Utahns want the chance to decide whether fluoridation is added to their water.
In Salt Lake County, at least, it looks as if they will get their wish. The Salt Lake City-County Board of Health voted unanimously to ask the County Commission to place a fluoridation initiative on the November ballot.In a recent Deseret News poll conducted by Dan Jones & Associates, a whopping 92 percent of people statewide said they would like the opportunity to vote on the issue. Only 5 percent said they don't want fluoridation to come to a vote.
And the majority of those polled also indicated they would, by substantial margins, favor fluoridation of the water in their counties. Of those interviewed, 65 percent said they would favor fluoridation, while only 20 percent would oppose it. The survey has an error rate of plus or minus five percent.
The answers in Salt Lake County alone were nearly identical to the statewide responses. In the county, 91 percent said they favor putting the issue on the ballot. And 65 percent would vote for fluoridation.
Adding fluoride to the water has been controversial for decades. Proponents - among them many dentists and health care providers - maintain that adding only a small amount of fluoride to drinking water would result in a 40 percent to 50 percent reduction in tooth decay. Those results, they say, have been seen repeatedly in the areas where water has been fluoridated.
While very few water systems in Utah have fluoride, said Lewis Garret, director of family health services at the City-County Health Department, most systems nationally are fluoridated. Of the 50 states, only Utah and Nevada have low fluoridation rates.
Those who disagree with fluoridation cite various reasons, ranging from claims it would add dangerous chemicals to the water to an older, but still-heard complaint that fluoridation is a "communist" plot.
Some of the strongest opposition comes from The Safe Water Coalition, a national anti-fluoridation group headquartered in California. They say that fluoridation has been linked to health problems ranging from risks to pregnant women and their babies to increased symptoms of dementia in people with Alzheimer's.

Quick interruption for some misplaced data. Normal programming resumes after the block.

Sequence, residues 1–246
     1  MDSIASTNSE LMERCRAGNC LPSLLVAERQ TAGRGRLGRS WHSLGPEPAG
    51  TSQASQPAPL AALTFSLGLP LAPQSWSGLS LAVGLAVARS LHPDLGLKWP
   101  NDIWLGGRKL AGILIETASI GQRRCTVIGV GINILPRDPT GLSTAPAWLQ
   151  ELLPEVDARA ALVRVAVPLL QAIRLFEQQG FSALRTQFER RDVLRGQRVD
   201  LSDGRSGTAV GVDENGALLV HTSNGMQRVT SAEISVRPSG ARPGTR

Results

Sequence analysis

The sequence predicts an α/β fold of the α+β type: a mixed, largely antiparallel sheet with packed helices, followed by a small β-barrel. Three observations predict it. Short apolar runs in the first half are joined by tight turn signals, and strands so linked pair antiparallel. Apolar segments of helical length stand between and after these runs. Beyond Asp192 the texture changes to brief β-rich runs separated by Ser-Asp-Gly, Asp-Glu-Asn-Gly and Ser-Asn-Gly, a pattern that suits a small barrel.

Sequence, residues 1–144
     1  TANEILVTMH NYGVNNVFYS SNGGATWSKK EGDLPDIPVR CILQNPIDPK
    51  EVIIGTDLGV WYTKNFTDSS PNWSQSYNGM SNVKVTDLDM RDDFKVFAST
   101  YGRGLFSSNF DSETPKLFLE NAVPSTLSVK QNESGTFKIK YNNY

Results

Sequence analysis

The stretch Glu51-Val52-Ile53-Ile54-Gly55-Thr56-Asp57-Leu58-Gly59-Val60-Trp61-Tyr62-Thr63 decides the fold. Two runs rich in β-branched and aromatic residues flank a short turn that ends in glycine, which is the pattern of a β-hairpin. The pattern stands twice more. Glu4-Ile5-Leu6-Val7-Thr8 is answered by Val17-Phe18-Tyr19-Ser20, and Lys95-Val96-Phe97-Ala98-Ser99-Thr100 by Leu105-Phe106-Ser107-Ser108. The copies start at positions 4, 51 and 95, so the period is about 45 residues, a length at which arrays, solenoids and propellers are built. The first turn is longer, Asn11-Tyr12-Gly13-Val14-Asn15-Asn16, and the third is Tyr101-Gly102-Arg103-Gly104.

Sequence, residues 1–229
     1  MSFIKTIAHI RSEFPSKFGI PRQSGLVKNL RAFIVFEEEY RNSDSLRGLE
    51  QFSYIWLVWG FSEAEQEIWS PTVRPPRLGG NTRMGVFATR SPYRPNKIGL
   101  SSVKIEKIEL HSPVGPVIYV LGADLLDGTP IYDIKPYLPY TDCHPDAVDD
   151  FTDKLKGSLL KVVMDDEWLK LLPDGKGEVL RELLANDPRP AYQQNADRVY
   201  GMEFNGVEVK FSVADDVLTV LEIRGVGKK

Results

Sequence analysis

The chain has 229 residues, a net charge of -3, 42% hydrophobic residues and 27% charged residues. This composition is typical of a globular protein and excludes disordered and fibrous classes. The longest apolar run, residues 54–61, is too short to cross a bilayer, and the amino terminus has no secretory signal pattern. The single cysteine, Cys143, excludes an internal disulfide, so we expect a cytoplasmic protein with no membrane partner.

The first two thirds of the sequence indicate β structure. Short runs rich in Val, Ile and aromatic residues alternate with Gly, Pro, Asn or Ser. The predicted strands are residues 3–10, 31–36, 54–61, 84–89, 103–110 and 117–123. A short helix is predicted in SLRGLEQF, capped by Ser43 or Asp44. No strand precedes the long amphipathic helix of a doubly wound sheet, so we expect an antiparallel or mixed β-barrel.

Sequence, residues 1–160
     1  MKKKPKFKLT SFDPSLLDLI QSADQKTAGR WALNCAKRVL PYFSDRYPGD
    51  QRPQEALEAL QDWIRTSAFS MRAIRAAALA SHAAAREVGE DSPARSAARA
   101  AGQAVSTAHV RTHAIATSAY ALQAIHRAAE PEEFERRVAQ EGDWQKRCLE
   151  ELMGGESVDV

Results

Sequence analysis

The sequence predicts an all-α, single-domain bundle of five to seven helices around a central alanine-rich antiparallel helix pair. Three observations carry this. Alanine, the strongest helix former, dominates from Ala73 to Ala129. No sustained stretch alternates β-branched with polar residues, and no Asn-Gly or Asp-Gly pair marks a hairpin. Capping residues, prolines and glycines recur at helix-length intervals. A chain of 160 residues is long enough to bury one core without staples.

Other groups dispute those findings.
Local health officials such as Garrett call the complaints scare tactics. After all, Garrett said recently, fluoridation has been in some water systems for decades.
During the 1998 session, the Utah Legislature passed HB405, a bill that allows citizens to vote on whether fluoride should be put in local water supplies. An earlier, 1976, law made it very difficult for the issue to be on the ballot.
Deseret News Poll
In your opinion, should residents be given the opportunity to vote on fluoridation of water in Utah?
Statewide Salt Lake
Definitely 76% 78%
Probably 16% 13%
Probably not 3% 4%
Definitely not 2% 3%
Don't know 3% 3%
Do you personally favor or oppose fluoridation of water in your county?
Strongly favor 38% 37%
Somewhat favor 27% 28%
Somewhat oppose 7% 8%
Strongly oppose 13% 16%
Don't know 14% 12%
A poll of 926 adults statewide, which included 403 adult residents of Salt Lake County, was conducted April 6-11 by Dan Jones & Associates. It has a margin of error of +/- 5.0 percent. Dan Jones & assoicates is an independent polling form whos clients include other organizations and sometimes political parties and candidates. Among his clients are Robert Bennedd, Merrill Cook and the Utah Republican Party.
Copyright Deseret News, 1998